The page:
Archive for the “Opera” Category
Poul Ruders has composed an opera based on Lars von Trier’s 2000 film Dancer in the Dark. The work will be premiered by the Royal Danish Opera next week (on 9/5). You can check out a teaser video below.
Dancer in the Dark is one of several recent operas based on films; but there are countless films yet to be adapted for the operatic stage. Which films would you like to see re-imagined as an opera?
If you’re an aspiring Wagnerian, this probably won’t interest you much but the nice folks at Hartford Opera Theater (HOT) are looking for scores for five short operas that will be learned, staged, rehearsed, and performed in the span of 48 hours, beginning on November 12 and culminating in a final performance on Sunday, November 14.
Composers are asked to submit opera scores written for 2-3 singers, with at least one part written for a soprano or mezzo-soprano. HOT advises that scores with more opportunities for women will be more likely to be chosen for this event. The operas may be no longer than 10 minutes in length, English only, and written for piano or a piano reduction. Material for librettos should be original, in the public domain, or if copyrighted permission must be submitted with the score. Each opera should require minimal sets and costumes.
If you happen to one of those chosen to participate in the event–called “New in November” (not to be confused with New York’s own ongoing “So, New?” festival)–are welcome to attend the rehearsal if you’re open to minor revisions and changes. You get paid nothing and no travel expenses and it would be very rude of you to ask if the singers, piano player or director are getting paid.
The deadline for submissions is Wednesday, September 1, 2010. Scores may be mailed to: Hartford Opera Theater, P.O. Box 270108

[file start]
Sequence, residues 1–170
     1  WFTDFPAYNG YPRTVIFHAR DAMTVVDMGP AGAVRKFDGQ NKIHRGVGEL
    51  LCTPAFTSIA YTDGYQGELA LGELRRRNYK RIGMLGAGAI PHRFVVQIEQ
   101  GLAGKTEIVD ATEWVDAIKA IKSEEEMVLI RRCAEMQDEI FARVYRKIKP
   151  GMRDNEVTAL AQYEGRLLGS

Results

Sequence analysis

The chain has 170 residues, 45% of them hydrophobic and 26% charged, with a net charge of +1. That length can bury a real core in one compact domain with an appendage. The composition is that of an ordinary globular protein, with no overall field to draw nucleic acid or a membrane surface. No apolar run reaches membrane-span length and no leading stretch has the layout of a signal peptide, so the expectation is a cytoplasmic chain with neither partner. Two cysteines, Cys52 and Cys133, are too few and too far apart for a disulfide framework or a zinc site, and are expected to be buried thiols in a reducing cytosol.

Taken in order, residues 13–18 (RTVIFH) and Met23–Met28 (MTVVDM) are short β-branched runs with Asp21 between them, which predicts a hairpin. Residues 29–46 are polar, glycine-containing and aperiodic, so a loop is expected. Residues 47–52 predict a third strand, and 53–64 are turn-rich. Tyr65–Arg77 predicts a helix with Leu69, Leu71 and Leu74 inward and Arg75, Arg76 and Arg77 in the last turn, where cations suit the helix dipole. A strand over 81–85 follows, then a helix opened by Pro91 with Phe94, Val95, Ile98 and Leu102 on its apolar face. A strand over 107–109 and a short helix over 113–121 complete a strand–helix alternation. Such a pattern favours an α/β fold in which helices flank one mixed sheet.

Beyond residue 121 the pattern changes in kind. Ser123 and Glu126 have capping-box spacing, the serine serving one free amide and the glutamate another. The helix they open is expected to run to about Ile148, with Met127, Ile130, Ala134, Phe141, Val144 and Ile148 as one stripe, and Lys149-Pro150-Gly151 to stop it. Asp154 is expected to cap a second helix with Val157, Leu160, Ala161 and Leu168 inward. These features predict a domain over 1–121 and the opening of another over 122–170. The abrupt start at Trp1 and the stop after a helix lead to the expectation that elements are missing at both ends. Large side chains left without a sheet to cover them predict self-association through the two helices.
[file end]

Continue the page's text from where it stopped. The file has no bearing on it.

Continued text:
West Hartford, CT 06127-0108. Electronic submissions will also be accepted at this email address. More information can be found on the website.
The picture is from an earlier HOT production–Tom Sawyer: A Chamber Opera by Phillip Martin. You can watch a movie of the whole opera here.
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The last thing that Alan Gilbert or the New York Philharmonic needs is another affirmation that they have done something important and memorable by producing Le Grand Macabre in May. There were three (perhaps more?) New York Times articles over 11 days (May 18th, 23rd, 28th), an nice summary over on Anne Midgette’s Washington Post blog, and from just a few days ago there was this over at Newsweek. Of course our own site added to the frenzy of press/buzz here, here, here, here, here, here, and here – and with good reason! I’m quite happy to throw my hat in the camp who counts themselves lucky to be one of the few to see this amazing production. It was everything that I had hoped it would be, and I even got a fancy collectors-edition-style booklet of the libretto with the program.
Some time has gone by since the production (I’m late on my contribution to this, as per my usual), I think it’s enough for me to say that I thought it was great, and to move on to some questions.
After reading all of the press about the production, it seems that everyone who saw it easily and quickly deemed it a huge success. But I’d love to know if the Philharmonic thought it was a success! All three nights sold-out, but we know that a sold-out show doesn’t necessarily mean success. Le Grand Macabre was without question an unusual and elaborate production and must have come with a tremendous expense – just watch this video. All the extra marketing, and YouTube videos; all the lighting and projections and costumes; (presumably) all the extra rehearsals and percussion instruments; etc, etc, etc. I think the big question is: was this a successful enough event that the Philharmonic will continue these kinds of productions in the future? Was dealing with disgruntled subscribers worth it? Was the cost of the “spectacle” worth it? Was all the marketing and rogue videos worth it?